1st Berkshire Candidates Talk Regional Issues
Candidates Gailanne Cariddi, left, Edward MacDonald, moderator Joyce Wrend and David Bissaillon at the first candidate session for the 1st Berkshire distir
FLORIDA, Mass. — Florida is first — first for snow, as one candidate noted, and first when it came to scrutinizing the potential replacement for its native son in the 1st Berkshire seat.
About 30 people were in attendance at the Florida Senior Center, an appropriate place to kick off the race since Florida is the hometown of Daniel E. Bosley who will be stepping down after 26 years as state representative. Joyce Wrend of the League of Women Voters, moderator for the forum, started things off with a few comments including joking she was from "South Florida" — North Adams.
The candidates are North Adams City Councilor Gailanne Cariddi, former Berkshire Chamber of Commerce President David Bissaillon and Chester Town Manager Edward MacDonald. All three are Democrats, like Bosley, and will vie in a September primary for placement on the November ballot. The primary will essentially settle the election.
Citing his experience with the chamber, as a member of the business community, volunteer leader in many nonprofits and as longtime youth athletic coach, Bissaillon said, "the distinctions that I bring to this race are that my perspective has always been a regional one. My track record has been built on collaboration and I already have in place the strong professional relationships across the district that are necessary for success."
He listed his key issues as are the evolving regional economy (creating and sustaining job opportunities), education (local schools and colleges), and the infrastructure (more than roads and bridges).
Cariddi pointed to her experience in business, legislative and public policy as manager of a small family wholesale business in North Adams (Cariddi Sales), her more than 20 years of experience as a city councilor, and as a lifelong community volunteer.
Bringing up ideas for more openness in government, Cariddi said, "the concept of open and accessible government has become a quaint relic of the past on Beacon Hill. I will be inclusive of our diversity, build bridges across any divides, and be truly in touch with each of our communities. I am committed to using my skills as a listener and facilitator to bring our collective wisdom to Boston."
MacDonald, a former Adams selectman, said he brings a "unique personality with a background that is very diversified." McDonald emphasized his 20 years of public service in the state of New York, on a school committee and, in particular, as Chester's town manager.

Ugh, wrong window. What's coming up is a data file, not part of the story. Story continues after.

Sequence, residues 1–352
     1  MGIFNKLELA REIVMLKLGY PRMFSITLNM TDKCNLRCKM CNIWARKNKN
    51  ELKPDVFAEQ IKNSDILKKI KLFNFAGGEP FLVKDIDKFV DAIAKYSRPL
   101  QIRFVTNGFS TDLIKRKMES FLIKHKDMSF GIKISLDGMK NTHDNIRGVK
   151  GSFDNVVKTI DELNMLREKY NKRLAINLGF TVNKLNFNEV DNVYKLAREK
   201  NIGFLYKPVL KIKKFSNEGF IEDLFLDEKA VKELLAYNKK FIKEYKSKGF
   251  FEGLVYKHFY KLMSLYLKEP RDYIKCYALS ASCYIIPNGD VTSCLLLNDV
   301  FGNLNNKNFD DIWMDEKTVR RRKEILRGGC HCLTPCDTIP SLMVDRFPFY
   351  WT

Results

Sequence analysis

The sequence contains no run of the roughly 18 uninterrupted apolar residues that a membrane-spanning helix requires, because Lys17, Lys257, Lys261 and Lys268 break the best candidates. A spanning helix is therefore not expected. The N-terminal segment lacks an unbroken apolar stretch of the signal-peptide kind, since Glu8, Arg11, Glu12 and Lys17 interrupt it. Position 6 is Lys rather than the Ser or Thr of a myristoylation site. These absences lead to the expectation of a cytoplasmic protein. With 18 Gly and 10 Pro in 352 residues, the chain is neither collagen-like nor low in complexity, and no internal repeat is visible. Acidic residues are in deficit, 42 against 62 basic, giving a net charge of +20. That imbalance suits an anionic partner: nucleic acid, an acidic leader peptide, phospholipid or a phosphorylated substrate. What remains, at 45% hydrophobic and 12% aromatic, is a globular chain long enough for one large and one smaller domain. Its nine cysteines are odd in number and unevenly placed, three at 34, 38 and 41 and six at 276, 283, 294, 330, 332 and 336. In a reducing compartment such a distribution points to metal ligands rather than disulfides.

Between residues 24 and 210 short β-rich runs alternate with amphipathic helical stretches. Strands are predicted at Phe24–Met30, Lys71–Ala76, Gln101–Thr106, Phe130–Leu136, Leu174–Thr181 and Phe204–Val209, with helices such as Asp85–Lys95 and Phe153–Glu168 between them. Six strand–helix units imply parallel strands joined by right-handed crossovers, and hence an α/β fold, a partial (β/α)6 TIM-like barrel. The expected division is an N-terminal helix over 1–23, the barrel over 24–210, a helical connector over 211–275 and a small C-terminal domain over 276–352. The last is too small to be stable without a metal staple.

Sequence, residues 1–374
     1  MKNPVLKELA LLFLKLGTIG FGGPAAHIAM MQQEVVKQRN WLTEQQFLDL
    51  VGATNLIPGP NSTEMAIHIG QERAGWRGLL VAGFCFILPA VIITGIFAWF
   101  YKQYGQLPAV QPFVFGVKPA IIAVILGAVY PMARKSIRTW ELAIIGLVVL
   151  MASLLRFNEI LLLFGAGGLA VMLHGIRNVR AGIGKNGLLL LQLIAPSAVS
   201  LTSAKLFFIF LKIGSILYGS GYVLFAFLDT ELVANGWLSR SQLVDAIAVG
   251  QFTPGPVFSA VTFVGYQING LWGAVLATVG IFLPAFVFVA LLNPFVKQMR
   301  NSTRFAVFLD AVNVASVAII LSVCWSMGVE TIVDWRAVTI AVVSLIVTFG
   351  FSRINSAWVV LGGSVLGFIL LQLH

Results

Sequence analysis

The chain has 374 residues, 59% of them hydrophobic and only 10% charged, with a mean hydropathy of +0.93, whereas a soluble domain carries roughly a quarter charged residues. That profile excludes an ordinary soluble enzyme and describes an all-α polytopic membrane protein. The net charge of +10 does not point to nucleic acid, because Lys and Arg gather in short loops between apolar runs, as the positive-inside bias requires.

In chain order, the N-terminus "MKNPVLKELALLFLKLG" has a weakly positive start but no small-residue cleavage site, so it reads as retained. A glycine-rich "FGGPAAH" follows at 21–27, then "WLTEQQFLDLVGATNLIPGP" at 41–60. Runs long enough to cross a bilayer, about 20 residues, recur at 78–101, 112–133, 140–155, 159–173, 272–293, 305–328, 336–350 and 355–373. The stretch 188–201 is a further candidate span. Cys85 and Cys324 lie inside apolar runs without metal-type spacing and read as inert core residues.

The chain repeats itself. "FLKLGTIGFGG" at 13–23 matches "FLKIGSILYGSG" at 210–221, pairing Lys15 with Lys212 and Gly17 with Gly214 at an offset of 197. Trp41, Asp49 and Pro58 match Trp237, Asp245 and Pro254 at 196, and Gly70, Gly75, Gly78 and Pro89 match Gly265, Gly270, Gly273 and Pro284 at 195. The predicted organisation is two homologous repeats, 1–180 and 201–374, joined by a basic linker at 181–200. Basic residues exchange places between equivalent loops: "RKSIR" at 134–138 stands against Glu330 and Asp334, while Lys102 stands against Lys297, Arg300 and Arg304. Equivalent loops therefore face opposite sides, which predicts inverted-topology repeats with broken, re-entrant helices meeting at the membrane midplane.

"We have been through $400,000 cuts in a million-dollar budget and can still keep the town going, we are not looking at a tax increase next year," he said. "We were able to hold the line for next year in our taxes."
His three priorities are to "Keep the [North Adams Regional] Hospital the way the hospital should be instead of as a secondary-care unit, taxes and that people have a job they can go to and be proud of."
Regarding regional development, McDonald brought up a need for "seed money to provide economic development for small business, because that is the foundation of our society, and we haven't given enough tax credits. I think it should be $15,000 to 25,000 for small businesses."
Cariddi mentioned the importance of working on access to broadband Internet, incuding how people would receive communications (computers and cell phones) and ensuring the decommissioning of the Yankee Rowe nuclear plant continues safely. She is already working on those issues, she said, but stressed it is not just the issue, but also researching, talking to all the people involved and trying to bring together a focus that everyone can agree on.
"Jobs know no boundaries," said Bissaillon. "What is important that we have a process in place to help people find jobs."
Bissaillon said he would match state resources to programs like the new 1 Berkshire (which brings the region's bigger players together for economic development) and Berkshire Compact. "It is the role of a state rep to find resources in the state to support good projects that are under way."
In response to question about the qualities of state representative, Bissaillon said it was important to have someone you can trust and "who cares more about the district than he cares about his own career."
Cariddi said it was important to develop trust, to have passion for the work, and have a desire to bring the constituents what they need. She said it is also important to know what the priorities are in general for your district and to have the ability to bring people together with one focus.
MacDonald said it is important to be able to listen to constituents, take care of the constituents and do what they need. But the bottom dollar was to "bring home the bacon."
In answer to how he would make cuts to the state budget, MacDonald focused on the need to look at and cut down the budgets of the state Legislature, calling them slush funds that are spent on things like meals.